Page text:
Senate Judiciary Committee Chairman Patrick Leahy (D-Vt.) has put a criminal contempt vote on the schedule for Thursday in a move that could ultimately call for the prosecution of White House Chief of Staff Joshua Bolten, former White House political director Sara M. Taylor, former White House Deputy Chief of Staff Karl Rove and White House Deputy Political Director J. Scott Jennings in their failure to appear or turn over material on the U.S. attorney firings.
The Administration has again assumed the most extreme interpretation of executive privilege in refusing these appearances and documents. The Committee clearly has oversight responsibilities in this area and thus a right to much of the information.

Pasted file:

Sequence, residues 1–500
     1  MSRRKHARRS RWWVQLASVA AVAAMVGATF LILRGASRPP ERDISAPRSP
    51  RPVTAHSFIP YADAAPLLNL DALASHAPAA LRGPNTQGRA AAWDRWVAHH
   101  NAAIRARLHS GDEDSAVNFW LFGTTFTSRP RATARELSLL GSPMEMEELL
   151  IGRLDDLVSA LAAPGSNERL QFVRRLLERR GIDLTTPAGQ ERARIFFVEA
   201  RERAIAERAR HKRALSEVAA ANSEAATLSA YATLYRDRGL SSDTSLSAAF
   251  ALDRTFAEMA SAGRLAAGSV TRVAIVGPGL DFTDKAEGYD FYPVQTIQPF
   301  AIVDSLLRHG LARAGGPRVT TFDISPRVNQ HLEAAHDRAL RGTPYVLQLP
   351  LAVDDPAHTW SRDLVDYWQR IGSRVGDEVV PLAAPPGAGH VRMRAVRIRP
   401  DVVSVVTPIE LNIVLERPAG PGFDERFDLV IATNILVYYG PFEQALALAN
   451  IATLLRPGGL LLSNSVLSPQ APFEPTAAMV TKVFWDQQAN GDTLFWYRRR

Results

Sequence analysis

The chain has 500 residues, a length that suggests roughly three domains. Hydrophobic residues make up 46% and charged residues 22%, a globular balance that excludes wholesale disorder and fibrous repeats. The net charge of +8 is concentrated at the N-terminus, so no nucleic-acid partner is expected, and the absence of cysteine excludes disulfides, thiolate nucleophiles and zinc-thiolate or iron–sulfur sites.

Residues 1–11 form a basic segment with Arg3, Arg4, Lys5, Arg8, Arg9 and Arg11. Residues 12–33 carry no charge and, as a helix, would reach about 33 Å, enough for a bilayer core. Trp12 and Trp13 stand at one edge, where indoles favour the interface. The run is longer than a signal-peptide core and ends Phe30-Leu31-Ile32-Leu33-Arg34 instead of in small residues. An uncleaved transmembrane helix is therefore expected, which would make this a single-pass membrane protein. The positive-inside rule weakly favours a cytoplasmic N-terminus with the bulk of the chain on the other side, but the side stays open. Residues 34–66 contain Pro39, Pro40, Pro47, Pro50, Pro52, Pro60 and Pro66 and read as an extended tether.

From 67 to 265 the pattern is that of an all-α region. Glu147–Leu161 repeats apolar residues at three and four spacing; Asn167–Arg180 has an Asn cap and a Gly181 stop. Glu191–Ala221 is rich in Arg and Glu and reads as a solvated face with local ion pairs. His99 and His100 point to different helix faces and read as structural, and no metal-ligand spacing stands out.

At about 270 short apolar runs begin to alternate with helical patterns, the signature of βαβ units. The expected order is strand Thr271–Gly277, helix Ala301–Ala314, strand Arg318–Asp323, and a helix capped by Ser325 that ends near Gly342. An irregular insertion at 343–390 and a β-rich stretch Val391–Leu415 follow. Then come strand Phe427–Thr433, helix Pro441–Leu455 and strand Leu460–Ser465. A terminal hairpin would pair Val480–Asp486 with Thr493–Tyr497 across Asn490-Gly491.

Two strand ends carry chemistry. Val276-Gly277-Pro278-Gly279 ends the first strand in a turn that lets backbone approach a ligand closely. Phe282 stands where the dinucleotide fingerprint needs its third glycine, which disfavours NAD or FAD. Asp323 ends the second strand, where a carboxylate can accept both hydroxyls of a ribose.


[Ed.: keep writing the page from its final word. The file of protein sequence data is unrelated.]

It could put the new Attorney General to the test. The Justice Department and specifically the D.C. U.S. Attorney, serves as the lawyer for Congress in such matters. However, an obvious conflict exists with an Administration both prosecuting and protecting itself. The matter would still have to go to the full Senate, however, and still a way off from a formal referral for prosecution. More importantly, any prosecution would out last this Administration, which is likely to play out the clock. Thus, it is the calendar not the Constitution that is likely to be their greatest ally.
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